It was the request to help in one such dispute, a key to the ‘Ingrams Peace’, that led Harold to be presented with the child of a slave woman who had been freed and was due to marry a new husband. Doreen and Harold therefore adopted Zahra, a one-year-old. Zahra stayed with the family throughout their subsequent travels, which included to Aden, to Cairo, to Britain during the war, the Gold Coast (via a motorcar ride across the Sahara) and thence on to a traditional British education which included training as the only non-native Wren officer in her year. She went on to marry a British Naval Captain, and they both worked in Bahrain
As war started to threaten the East, Doreen was shipped to Cairo in 1940, to give birth to her daughter Leila; but the family were to return to Yemen during the war, hit hard by famine, as remittances dried up while the Japanese occupied South-East Asia.
Doreen and Harold published widely on the Hadhramaut and their services were recognized by being jointly awarded the Gold Medal of the Royal Geographical Society as well as the Lawrence of Arabia Medal of the Royal Society for Asian Affairs. In addition, Doreen received in 1993 the Sir Richard Burton Medal of the Royal Asiatic Society.
After the unwelcome break-up of her marriage, Doreen took up a career as Senior Assistant with the BBC Arabic Service where she worked between 1956 and 1967 and which brought her into close touch with other parts of the Middle East, developing her contacts with Palestinians publishing Palestine Papers 1917-22: Seeds of Conflict (republished by Eland in 2013). During the last decade of her long and varied life, she undertook with her daughter Leila the considerable task of editing and publishing in 16 volumes Records of Yemen 1798-1960 (1993).
Leila was welcomed to Aden as a baby on the back of a mule along with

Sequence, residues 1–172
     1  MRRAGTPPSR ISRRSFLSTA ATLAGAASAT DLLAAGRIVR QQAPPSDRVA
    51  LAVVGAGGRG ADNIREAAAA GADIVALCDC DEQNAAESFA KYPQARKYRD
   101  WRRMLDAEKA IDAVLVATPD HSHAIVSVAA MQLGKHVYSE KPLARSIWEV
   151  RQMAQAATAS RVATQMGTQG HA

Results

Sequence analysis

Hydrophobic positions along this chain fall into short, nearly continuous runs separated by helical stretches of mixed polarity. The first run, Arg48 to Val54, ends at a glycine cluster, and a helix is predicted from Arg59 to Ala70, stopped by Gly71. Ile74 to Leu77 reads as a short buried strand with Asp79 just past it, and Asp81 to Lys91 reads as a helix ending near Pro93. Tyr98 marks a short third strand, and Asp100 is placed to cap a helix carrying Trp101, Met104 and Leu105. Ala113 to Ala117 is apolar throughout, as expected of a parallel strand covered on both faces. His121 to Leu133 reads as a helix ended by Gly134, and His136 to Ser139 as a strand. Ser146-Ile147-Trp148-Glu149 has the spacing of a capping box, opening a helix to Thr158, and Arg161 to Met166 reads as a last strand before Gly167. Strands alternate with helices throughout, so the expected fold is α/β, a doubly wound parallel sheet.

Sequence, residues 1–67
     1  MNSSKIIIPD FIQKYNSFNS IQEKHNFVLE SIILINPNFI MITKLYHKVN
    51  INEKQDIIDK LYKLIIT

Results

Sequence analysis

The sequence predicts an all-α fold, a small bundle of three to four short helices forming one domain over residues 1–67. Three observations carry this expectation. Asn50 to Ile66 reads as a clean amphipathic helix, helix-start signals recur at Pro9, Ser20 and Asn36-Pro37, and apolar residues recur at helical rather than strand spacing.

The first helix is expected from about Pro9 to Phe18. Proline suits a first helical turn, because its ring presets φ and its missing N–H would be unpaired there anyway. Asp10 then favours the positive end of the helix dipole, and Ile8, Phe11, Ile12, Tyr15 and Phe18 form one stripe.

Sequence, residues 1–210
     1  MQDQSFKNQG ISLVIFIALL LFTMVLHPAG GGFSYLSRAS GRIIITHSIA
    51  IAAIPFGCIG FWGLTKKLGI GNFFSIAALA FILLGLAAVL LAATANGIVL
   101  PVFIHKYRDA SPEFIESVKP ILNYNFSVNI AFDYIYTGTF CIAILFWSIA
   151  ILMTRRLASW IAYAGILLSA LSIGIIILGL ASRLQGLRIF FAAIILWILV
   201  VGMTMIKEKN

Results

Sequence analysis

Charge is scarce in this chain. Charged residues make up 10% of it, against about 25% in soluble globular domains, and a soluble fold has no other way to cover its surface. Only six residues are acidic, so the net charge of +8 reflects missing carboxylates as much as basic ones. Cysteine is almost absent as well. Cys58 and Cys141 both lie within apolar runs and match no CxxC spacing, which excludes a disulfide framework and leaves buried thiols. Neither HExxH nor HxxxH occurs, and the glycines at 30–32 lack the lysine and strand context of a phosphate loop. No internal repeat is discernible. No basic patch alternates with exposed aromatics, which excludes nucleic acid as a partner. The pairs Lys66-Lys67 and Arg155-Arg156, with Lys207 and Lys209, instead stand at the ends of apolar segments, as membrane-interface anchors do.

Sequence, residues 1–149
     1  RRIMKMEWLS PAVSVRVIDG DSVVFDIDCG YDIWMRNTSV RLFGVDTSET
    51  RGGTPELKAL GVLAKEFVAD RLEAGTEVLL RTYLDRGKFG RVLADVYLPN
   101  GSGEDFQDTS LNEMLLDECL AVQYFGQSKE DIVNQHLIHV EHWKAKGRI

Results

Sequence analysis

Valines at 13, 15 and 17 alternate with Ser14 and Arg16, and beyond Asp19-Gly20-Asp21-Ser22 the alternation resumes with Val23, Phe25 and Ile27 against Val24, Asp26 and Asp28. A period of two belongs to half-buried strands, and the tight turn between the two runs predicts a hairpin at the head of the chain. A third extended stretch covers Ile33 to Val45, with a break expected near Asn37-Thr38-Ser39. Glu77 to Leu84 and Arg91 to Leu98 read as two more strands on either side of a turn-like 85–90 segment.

Zahra, and spent her early childhood in the Yemen (and Ethiopia). In later life she was an inveterate visitor to the country and organised exhibitions throughout England, Ireland and Wales, on the history and culture of Yemen. She worked for the Centre for Arab British Understanding (CAABU), continuing the work of her parents after their deaths.
Author Adel Aulaqi said that he often corresponded with her using such names as ya sheikhah-mahariyah, ya sheikhahhadhramiah although she preferred Sheikhah to the more elevated Malikah, Sultana or Amira, ‘all best suffixed with a well-loved animal, country or place: Hadhramaut, Mahra or Ethiopia.’ Leila was fiercely proud of her mother’s work alongside her father’s: if the Yemeni women’s contribution was edited out of her parents’ books in Arabic translation, Leila would refuse translation rights. Leila never left Hadhramaut in her heart, and before she died, she told me that she was really a bedou at heart, adding, that by sharing people’s troubles and joys, as her mother had done, the barriers – of language, politics and religion – soon came down.
Above: Farmers conversing in the street Right: From left to right, the ZanzibariOmani Wazir of the Qu’aiti State Sheikh Seif bin Ali al-Bu Ali OBE; Sultan Salih al-Qu’aiti; Harold Ingrams in Arab dress; Crown Prince Amir Awadh al-Qu’aiti, father to the current Sultan and Doreen Ingrams (in Syrian dress, her everyday attire) in front of the palace in Mukalla, 1942